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Outer space

Outer space, or simply space, is the void that exists between celestial bodies, including the Earth. It is not completely empty, but consists of a hard vacuum containing a low density of particles: predominantly a plasma of hydrogen and helium.

There is no firm boundary where space begins. However the Kármán line, at an altitude of 100 km (62 mi) above sea level, is conventionally used as the start of outer space in space treaties and for aerospace records keeping. The framework for international space law was established by the Outer Space Treaty, which was passed by the United Nations in 1967. This treaty precludes any claims of national sovereignty and permits all states to freely explore outer space. In 1979, the Moon Treaty made the surfaces of objects such as planets, as well as the orbital space around these bodies, the jurisdiction of the international community. Despite the drafting of UN resolutions for the peaceful uses of outer space, anti-satellite weapons have been tested in Earth orbit.

Humans began the physical exploration of space during the 20th century with the advent of high-altitude balloon flights, followed by manned rocket launches. Earth orbit was first achieved by Yuri Gagarin of the Soviet Union in 1961 and unmanned spacecraft have since reached all of the known planets in the Solar System. Due to the high cost of getting into space, manned spaceflight has been limited to low Earth orbit and the Moon. In August 2012, Voyager 1 became the first man-made spacecraft to enter interstellar space.

Outer space represents a challenging environment for human exploration because of the dual hazards of vacuum and radiation. Microgravity also has a negative effect on human physiology that causes both muscle atrophy and bone loss. In addition to solving all of these health and environmental issues, humans will also need to find a way to significantly reduce the cost of getting into space if they want to become a space faring civilization. Proposed concepts for doing this are non-rocket spacelaunch, momentum exchange tethers and space elevators.


In 350 BC, Greek philosopher Aristotle suggested that nature abhors a vacuum, a principle that became known as the horror vacui. This concept built upon a 5th-century BC ontological argument by the Greek philosopher Parmenides, who denied the possible existence of a void in space.[8] Based on this idea that a vacuum could not exist, in the West it was widely held for many centuries that space could not be empty. As late as the 17th century, the French philosopher René Descartes argued that the entirety of space must be filled.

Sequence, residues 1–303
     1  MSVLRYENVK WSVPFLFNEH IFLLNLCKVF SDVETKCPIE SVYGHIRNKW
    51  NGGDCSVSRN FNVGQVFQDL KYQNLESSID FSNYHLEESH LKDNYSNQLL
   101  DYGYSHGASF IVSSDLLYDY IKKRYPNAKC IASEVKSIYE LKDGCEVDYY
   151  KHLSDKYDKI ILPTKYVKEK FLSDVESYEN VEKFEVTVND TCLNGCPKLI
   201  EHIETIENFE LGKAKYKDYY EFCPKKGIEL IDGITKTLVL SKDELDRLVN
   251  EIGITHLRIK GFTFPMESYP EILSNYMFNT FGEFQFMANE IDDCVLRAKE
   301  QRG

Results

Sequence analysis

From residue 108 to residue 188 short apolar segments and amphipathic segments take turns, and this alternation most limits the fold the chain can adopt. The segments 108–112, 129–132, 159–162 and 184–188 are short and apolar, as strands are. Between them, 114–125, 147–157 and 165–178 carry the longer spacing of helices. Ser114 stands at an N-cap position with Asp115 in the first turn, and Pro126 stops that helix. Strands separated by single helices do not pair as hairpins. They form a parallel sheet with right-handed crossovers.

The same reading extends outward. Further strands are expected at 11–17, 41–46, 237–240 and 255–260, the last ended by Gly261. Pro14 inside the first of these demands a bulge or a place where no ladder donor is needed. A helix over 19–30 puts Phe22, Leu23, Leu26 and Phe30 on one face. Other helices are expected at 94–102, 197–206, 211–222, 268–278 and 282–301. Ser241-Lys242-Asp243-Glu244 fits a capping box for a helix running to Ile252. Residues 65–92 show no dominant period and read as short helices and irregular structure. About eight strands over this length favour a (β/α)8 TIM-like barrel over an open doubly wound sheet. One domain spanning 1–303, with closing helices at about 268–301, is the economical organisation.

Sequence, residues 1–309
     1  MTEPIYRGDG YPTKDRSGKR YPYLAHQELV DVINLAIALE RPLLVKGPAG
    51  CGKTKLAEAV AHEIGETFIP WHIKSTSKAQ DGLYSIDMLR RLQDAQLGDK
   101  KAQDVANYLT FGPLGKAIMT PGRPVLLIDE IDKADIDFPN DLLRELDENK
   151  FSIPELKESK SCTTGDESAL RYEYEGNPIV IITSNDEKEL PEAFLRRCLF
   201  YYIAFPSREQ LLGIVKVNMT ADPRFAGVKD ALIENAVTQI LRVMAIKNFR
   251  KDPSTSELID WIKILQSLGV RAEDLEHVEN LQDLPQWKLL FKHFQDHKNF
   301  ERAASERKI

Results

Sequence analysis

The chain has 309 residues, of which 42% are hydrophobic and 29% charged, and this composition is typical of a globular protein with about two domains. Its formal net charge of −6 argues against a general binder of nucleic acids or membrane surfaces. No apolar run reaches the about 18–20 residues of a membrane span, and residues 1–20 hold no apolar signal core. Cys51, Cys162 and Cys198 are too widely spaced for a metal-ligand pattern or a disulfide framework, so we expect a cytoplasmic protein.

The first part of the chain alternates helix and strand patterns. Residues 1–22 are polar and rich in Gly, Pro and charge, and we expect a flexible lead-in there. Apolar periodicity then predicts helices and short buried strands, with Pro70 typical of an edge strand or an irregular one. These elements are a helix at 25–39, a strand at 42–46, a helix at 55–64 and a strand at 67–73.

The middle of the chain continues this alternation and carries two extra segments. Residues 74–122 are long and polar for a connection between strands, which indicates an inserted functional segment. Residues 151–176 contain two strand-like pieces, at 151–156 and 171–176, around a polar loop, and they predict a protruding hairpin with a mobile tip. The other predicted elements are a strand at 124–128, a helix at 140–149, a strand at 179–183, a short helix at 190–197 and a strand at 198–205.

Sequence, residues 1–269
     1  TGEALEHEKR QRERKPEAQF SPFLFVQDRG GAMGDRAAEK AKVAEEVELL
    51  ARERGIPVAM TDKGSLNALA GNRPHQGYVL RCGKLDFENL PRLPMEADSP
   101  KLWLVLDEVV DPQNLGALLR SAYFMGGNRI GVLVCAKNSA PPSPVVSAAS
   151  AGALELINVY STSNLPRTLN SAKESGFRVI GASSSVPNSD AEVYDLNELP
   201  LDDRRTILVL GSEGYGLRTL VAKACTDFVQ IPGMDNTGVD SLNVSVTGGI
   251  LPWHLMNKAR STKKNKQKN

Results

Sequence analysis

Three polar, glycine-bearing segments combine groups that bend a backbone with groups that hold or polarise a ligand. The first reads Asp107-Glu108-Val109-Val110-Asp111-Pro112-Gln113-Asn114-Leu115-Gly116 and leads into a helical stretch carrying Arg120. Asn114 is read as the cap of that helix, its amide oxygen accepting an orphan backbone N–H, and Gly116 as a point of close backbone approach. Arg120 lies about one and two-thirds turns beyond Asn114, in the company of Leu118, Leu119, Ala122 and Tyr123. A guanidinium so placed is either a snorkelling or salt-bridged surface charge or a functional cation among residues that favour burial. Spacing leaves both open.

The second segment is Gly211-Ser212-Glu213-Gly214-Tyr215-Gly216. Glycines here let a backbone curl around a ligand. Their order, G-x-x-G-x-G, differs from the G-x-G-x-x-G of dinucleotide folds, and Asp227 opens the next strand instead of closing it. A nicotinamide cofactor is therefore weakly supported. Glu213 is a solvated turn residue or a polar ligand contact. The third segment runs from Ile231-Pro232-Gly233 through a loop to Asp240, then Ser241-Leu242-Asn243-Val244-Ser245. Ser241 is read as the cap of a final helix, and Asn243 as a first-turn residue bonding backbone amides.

In ancient China, there were various schools of thought concerning the nature of the heavens, some of which bear a resemblance to the modern understanding. In the 2nd century, astronomer Zhang Heng became convinced that space must be infinite, extending well beyond the mechanism that supported the Sun and the stars. The surviving books of the Hsüan Yeh school said that the heavens were boundless, "empty and void of substance". Likewise, the "sun, moon, and the company of stars float in the empty space, moving or standing still".

Formation and state

According to the Big Bang theory, the Universe originated in an extremely hot and dense state about 13.8 billion years ago and began expanding rapidly. About 380,000 years later the Universe had cooled sufficiently to allow protons and electrons to combine and form hydrogen—the so-called recombination epoch. When this happened, matter and energy became decoupled, allowing photons to travel freely through space. The matter that remained following the initial expansion has since undergone gravitational collapse to create stars, galaxies and other astronomical objects, leaving behind a deep vacuum that forms what is now called outer space. As light has a finite velocity, this theory also constrains the size of the directly observable Universe. This leaves open the question as to whether the Universe is finite or infinite.

See also


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